Lynette Noni is an Australian author that has written a fantasy series titled The Medoran Chronicles it is a five part series that follows the journey of a young girl that falls into another earth like world called Medora. The following blurb is on the back of the book.

With just one step, sixteen-year-old Alexandra Jennings’s world changes – literally.
Dreading her first day at a new school, Alex is stunned when she walks through a doorway and finds herself stranded in Medora, a fantasy world full of impossibilities.
Desperate to return home, she learns that only a man named Professor Marselle can help her… but he’s missing.
While waiting for him to reappear, Alex attends Akarnae Academy, Medora’s boarding school for teenagers with extraordinary gifts. She soon starts to enjoy her bizarre new world and the friends who embrace her as one of their own, but strange things are happening at Akarnae, and Alex can’t ignore her fear that something unexpected… something sinister… is looming.
An unwilling pawn in a deadly game, Alex’s shoulders bear the crushing weight of an entire race’s survival. Only she can save the Medorans, but what if doing so prevents her from ever returning home?
Will Alex risk her entire world – and maybe even her life – to save Medora?

I purchased this book from Supanova on the Gold coast earlier this year, I had heard a lot about the book and have met the author on a few occasions and writing conferences here in Brisbane so I was keen to give it a chance.

In the beginning of the novel, it is a little slow to move as it brings you into the world of Medora and starts explain what is different in this world compared to our Earth which is where Alex is from. As the story progresses I found excellent character development between the three heroes you will come to know if you choose to embark on your Medoran journey. If you are an avid fantasy reader and enjoy the books we have to offer at Ouroborus Books you are sure to enjoy this series as it progresses.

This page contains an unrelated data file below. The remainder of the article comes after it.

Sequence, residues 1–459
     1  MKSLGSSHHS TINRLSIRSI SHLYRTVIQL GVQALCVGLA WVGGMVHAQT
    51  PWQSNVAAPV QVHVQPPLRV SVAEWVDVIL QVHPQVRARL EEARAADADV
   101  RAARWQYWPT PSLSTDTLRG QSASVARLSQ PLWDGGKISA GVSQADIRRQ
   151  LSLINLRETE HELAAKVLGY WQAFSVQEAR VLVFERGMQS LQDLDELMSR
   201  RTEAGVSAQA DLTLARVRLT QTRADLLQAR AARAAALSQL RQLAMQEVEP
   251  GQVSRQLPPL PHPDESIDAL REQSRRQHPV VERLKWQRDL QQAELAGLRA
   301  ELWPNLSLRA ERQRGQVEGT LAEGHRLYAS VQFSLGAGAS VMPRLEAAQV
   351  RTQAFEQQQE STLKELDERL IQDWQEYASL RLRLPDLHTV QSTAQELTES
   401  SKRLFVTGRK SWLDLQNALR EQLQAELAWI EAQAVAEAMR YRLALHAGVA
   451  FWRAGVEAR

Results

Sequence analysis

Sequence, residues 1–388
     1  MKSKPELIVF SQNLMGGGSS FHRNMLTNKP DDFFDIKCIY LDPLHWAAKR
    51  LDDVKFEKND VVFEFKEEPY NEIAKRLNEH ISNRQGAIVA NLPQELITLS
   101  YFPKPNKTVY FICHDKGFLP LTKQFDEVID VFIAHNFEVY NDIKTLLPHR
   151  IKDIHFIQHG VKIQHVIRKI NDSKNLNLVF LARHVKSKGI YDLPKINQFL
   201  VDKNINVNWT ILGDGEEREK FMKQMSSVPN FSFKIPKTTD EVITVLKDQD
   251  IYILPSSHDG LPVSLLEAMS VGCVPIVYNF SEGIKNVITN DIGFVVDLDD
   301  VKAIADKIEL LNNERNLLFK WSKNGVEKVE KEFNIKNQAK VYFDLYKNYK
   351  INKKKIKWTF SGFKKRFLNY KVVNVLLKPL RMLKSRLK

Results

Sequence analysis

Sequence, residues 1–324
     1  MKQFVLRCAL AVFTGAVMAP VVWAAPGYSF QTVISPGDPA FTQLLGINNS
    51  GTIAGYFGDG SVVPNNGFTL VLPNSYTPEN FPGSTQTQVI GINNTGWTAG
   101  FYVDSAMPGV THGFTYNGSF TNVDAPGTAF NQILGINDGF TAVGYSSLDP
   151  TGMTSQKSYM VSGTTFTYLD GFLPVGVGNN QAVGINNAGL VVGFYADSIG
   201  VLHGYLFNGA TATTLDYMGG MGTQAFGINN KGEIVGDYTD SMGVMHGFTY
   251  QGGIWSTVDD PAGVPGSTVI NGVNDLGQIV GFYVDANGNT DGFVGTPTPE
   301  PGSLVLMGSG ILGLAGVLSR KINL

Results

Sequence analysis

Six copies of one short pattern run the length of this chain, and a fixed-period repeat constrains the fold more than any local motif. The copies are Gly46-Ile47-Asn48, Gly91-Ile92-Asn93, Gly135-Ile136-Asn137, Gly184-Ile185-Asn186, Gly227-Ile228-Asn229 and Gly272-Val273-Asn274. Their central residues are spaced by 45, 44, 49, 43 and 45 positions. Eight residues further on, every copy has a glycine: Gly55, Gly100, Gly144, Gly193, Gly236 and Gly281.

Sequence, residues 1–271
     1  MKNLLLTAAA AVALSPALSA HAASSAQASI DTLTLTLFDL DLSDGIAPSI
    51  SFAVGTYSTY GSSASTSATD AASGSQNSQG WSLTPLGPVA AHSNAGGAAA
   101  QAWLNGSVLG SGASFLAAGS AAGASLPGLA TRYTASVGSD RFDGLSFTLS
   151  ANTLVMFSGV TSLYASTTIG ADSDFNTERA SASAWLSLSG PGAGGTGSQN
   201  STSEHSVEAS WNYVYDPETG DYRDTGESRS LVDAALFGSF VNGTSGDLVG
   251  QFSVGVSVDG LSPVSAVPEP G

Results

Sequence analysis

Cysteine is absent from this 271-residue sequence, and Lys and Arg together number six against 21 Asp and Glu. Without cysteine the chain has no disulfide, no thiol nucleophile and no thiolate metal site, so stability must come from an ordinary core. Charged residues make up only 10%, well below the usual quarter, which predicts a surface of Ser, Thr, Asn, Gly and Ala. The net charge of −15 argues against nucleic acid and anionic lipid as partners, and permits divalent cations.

The bonus side to starting this series… there are 5 books with the 5thcoming out in February 2019 so it is a ready to read series and you don’t need to wait long for the concluding novel. I finished the 1stbook early last week and have almost finished the 2ndwhich is still very good, I am interested how this one ends as I near its closing chapters, thankfully as of last Saturday I have the 3rdand 4thbooks on my shelf and ready to read.

The only negative I have to say for this book is that I have managed to guess some plot points before they presented themselves and I usually prefer novels that surprise me with their hooks. That said, there are also many plot points that I didn’t see coming or details that I didn’t expect along the way to a part that I suspected.